When people suggest that attachment parenting is a fad, or something to be taken or left, or too complicated, or too wishy-washy, or too "extreme," I ask: How can anyone argue against offering our children respect? In what universe could it ever be wrong to honor the needs of our most vulnerable family members and try to meet them in ways that work for our family? Keep in mind that this respect applies to us as parents as well: We respect ourselves, seeking balance, support, and compromise where necessary. And by respecting ourselves, our co-parents, and our children, we lead our children to respect us in turn. That respect then turns outwards, as we all navigate our relationships with others outside the family, and the basis for respectful interactions is already in place.

I also don't see attachment parenting as all that outside the cultural norms nowadays, in some ways at least. Sometimes people treat their children with respect and lots of connection but don't call their style of parenting attachment parenting because they don't cosleep, or because they didn't breastfeed past six months, or for whatever reason, and yet I would find plenty of common ground with their responsive parenting style. And on the flip side, some people who subscribe to some of the attachment parenting checklist still fall prey to the (previously much more) dominant thinking that children come into the world as uncivilized beasts, to be firmly molded into decent human beings. I feel like attachment parenting needs that basis of respect to be truly attached parenting.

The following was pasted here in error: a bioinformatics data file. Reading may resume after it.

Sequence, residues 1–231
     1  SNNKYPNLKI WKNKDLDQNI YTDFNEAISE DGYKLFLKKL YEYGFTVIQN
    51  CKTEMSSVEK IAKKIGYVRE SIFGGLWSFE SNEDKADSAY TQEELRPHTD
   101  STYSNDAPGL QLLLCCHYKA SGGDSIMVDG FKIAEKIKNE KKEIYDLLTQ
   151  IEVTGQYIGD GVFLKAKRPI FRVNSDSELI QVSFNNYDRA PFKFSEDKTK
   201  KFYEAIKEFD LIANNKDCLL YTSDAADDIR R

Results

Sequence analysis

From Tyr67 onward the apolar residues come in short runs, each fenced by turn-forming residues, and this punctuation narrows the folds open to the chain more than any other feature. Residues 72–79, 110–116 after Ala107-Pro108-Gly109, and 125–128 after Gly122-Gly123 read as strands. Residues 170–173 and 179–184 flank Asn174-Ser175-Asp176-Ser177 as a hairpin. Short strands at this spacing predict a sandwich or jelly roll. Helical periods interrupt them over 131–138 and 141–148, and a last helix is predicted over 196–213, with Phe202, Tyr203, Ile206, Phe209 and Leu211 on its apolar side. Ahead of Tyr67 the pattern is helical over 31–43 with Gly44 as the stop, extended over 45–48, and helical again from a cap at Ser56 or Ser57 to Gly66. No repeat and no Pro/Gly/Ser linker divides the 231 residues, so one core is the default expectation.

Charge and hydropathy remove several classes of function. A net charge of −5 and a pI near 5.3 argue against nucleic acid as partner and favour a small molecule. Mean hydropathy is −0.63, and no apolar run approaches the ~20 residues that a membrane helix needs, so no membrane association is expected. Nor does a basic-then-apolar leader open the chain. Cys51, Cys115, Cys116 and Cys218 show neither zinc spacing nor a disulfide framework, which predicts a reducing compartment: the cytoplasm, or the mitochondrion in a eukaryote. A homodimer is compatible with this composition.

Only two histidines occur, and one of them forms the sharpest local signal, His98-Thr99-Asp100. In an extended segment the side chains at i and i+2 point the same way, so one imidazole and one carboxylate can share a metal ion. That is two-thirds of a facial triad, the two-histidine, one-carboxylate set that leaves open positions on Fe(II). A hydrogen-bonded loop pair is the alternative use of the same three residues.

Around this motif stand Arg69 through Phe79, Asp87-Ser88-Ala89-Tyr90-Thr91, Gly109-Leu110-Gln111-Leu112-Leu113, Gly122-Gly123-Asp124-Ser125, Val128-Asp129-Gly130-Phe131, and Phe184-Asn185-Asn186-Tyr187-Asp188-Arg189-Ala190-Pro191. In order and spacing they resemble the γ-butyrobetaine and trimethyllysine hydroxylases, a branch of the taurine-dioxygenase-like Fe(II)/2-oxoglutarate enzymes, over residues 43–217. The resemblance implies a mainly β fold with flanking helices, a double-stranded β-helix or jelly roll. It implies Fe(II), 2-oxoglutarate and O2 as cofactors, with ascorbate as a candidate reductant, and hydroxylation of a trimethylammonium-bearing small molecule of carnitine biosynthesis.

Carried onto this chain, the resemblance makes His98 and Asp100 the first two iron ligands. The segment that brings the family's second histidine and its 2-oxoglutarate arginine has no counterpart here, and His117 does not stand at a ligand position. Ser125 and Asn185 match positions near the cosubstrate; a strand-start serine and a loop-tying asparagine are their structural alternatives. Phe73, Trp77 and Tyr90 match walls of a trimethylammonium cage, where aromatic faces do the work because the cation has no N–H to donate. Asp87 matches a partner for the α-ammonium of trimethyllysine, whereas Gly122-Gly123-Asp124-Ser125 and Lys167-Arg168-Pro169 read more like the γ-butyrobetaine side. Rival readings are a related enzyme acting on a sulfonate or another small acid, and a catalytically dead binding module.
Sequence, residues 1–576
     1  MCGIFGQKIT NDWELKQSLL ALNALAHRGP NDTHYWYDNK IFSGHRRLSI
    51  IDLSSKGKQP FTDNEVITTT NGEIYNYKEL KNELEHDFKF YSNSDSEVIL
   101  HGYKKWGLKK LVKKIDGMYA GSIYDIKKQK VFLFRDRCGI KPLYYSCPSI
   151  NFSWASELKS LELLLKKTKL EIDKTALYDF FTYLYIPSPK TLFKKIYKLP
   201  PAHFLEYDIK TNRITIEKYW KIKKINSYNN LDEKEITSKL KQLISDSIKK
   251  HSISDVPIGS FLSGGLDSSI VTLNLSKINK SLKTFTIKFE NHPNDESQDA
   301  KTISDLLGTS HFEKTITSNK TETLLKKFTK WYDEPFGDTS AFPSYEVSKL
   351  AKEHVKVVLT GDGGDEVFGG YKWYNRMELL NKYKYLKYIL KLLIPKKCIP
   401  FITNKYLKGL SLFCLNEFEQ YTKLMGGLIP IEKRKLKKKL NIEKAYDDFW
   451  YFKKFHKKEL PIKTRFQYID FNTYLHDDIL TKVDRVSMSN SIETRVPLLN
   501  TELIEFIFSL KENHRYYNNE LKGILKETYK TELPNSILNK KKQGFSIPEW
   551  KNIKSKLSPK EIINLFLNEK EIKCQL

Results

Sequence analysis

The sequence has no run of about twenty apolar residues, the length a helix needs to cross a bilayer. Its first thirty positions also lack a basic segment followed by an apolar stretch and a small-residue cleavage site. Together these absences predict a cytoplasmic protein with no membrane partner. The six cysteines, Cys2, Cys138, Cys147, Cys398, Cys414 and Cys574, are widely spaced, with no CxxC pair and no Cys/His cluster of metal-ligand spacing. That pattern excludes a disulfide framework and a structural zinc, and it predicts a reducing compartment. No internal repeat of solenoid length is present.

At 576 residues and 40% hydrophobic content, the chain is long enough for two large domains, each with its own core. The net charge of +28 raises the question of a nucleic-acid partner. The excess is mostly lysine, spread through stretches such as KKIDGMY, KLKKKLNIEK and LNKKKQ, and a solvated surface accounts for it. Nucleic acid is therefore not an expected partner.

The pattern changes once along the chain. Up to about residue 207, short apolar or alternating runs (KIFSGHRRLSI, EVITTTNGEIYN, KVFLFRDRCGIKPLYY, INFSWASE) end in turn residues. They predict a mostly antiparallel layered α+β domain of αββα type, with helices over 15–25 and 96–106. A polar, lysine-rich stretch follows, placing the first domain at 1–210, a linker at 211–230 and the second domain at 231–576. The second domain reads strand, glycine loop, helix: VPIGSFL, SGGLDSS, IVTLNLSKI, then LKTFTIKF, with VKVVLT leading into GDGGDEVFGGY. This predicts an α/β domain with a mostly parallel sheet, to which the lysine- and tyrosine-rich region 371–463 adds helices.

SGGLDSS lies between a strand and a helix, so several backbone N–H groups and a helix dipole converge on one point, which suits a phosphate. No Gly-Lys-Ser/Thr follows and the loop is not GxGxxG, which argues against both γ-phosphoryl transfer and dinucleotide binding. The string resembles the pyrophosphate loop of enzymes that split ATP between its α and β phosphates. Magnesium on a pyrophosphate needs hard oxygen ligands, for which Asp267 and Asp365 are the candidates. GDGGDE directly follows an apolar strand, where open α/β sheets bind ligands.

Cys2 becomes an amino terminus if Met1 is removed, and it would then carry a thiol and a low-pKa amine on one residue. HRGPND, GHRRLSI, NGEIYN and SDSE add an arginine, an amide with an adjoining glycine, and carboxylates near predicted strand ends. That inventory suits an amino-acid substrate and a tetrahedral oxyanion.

In the end, I really don't see anything to argue against when it comes to attachment parenting. I'm an attachment parent. I respect my children, myself, my family, and those around us, and I am raising my children with a secure enough base to offer that same respect to themselves and others.

As the carnival says: I am Mom. Enough!

Thank you for visiting the I Am Mom! Enough! Carnival hosted by hosted by Jennifer at Hybrid Rasta Mama and Mandy at Living Peacefully with Children.

Please take time to read the submissions by the other carnival participants and check out previous posts at the linky party hosted by Joni from Tales of a Kitchen Witch and Jennifer from True Confessions of a Real Mommy:

  • Good Enough? — Jennifer at True Confessions of a Real Mommy writes about how Good Enough is not Good Enough, if you use it as an excuse to stop trying.
  • The High Cost of High Expectations JeninCanada at Fat and Not Afraid shares what it's like to NOT feel 'mom enough' and wanting to always do better for herself and family.